Two-time Pulitzer Prize winner Anthony Lewis has died. Lewis, who passed at 85, was best known for his New York Times column, which championed liberal causes for more than 30 years.
Lewis worked for the Times as a columnist for 32 years. His topics often included constitutional law, human rights, and free speech. He won Pulitzers during his years as a reporter, first in 1955 and again in 1963.
The winning topics were a defense of a Navy civilian falsely accused of sympathizing with communists (1955) and then for reporting on the Supreme Court (1963).
The reporter described himself as a defender of decency who had a respect for law and reason, fighting against a tide of religious fundamentalism and extreme nationalism.
Included in Anthony Lewis’s column topics were the Vietnam War, Watergate, apartheid in South Africa, and Israeli settlements in Gaza and the West Bank. He strongly opposed all of these.
Lewis also wrote an acclaimed book in 1964. The book, Gideon’s Trumpet, told the story of a petty thief who fought for legal representation. The battle lead to a landmark Supreme Court decision.
The thief was Clarence Earl Gideon. In Gideon V. Wainwright, the Supreme Court ruled that criminal defendants are entitled to a lawyer — even if they cannot afford one. The decision led to the creation of the public defender system.
His final column was written for the Times on December 15, 2011. It warned the nation against surrendering civil liberties because of fear in the wake of the 9/11 terrorist attacks. He wrote:
“The hard question is whether our commitment to law will survive the new sense of vulnerability that is with us all after Sept. 11. It is easy to tolerate dissent when we feel safe.”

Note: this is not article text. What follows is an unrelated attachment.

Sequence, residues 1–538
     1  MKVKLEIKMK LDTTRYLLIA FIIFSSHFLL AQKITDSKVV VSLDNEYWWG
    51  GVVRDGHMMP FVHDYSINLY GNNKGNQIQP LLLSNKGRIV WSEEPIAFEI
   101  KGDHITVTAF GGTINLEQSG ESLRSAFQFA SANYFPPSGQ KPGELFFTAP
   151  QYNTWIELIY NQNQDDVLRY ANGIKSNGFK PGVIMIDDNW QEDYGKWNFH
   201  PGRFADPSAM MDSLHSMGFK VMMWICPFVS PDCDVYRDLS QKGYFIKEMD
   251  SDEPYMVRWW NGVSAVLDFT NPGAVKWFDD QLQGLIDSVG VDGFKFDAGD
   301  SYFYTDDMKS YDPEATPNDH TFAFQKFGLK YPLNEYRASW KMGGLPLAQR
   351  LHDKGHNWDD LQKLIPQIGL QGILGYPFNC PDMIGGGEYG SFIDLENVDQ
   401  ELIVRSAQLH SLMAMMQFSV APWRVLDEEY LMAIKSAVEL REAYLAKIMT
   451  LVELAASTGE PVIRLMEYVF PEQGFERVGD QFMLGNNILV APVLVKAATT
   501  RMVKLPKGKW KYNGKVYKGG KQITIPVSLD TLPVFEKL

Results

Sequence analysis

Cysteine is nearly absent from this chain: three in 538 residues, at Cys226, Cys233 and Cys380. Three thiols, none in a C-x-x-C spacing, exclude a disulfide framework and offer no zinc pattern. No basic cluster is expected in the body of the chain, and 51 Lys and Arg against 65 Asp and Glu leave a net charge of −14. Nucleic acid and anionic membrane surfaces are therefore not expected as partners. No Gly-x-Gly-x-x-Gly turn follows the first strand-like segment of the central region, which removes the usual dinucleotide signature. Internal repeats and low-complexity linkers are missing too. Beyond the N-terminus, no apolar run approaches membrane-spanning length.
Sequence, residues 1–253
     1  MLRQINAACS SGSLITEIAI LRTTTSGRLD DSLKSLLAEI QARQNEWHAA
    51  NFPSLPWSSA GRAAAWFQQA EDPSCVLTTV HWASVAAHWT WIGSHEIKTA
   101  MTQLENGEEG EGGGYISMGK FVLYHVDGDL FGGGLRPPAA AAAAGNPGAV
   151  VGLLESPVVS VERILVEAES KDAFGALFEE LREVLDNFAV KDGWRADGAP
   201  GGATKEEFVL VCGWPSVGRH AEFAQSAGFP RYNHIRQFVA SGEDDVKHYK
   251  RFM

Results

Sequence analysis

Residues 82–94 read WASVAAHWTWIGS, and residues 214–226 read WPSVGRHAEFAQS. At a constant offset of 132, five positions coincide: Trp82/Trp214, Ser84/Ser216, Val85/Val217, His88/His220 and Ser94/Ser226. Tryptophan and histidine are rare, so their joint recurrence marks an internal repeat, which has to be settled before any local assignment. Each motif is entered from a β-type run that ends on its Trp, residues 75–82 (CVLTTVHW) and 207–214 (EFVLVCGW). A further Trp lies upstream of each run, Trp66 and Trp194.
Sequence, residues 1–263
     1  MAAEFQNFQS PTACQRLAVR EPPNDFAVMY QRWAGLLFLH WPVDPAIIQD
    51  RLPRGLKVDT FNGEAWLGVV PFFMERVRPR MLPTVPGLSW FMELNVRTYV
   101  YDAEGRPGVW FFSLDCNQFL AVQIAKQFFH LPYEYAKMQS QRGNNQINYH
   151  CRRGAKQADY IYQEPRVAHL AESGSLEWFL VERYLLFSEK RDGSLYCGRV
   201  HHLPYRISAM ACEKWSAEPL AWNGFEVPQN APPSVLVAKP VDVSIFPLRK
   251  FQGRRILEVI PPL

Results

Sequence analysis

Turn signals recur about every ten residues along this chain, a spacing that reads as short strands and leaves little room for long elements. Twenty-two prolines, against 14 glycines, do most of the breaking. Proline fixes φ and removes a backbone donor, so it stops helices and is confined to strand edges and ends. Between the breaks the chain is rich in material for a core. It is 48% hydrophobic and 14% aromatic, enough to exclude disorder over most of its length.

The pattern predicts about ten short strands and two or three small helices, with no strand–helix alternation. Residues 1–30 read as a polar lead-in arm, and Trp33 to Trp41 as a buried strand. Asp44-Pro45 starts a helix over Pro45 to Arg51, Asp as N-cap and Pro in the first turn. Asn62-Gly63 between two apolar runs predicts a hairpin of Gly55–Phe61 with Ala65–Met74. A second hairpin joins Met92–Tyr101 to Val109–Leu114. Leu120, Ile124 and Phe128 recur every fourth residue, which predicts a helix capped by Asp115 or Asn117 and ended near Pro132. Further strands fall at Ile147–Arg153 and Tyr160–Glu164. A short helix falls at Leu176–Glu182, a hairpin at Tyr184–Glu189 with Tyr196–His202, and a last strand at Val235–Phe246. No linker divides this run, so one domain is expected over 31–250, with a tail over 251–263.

Anthony Lewis, an advocate for free speech, titled his 2008 book Freedom for the Thought That We Hate: A Biography of the First Amendment. The book spoke about laws, like the 1798 Sedition Act, that abridge freedom of expression. The Sedition Act made it a crime to criticize government officials.
Lewis explained, “We need to celebrate and understand our unique freedom, and it is unique in this country this freedom of speech and press. And I don’t actually think we understand it well.”
Along with his work for The New York Times, Lewis also worked for the Washington Daily News between 1952 and 1955. When he retired from the Times, he explained the his career as a columnist led him to two conclusions. Lewis explained:
“One is that certainty is the enemy of decency and humanity in people who are sure they are right, like Osama bin Laden and (then-Attorney General) John Ashcroft. And secondly that for this country at least, given the kind of obstreperous, populous, diverse country we are, law is the absolute essential. And when governments short-cut the law, it’s extremely dangerous.”
There was no word on Anthony Lewis’ surviving family members or funeral arrangements.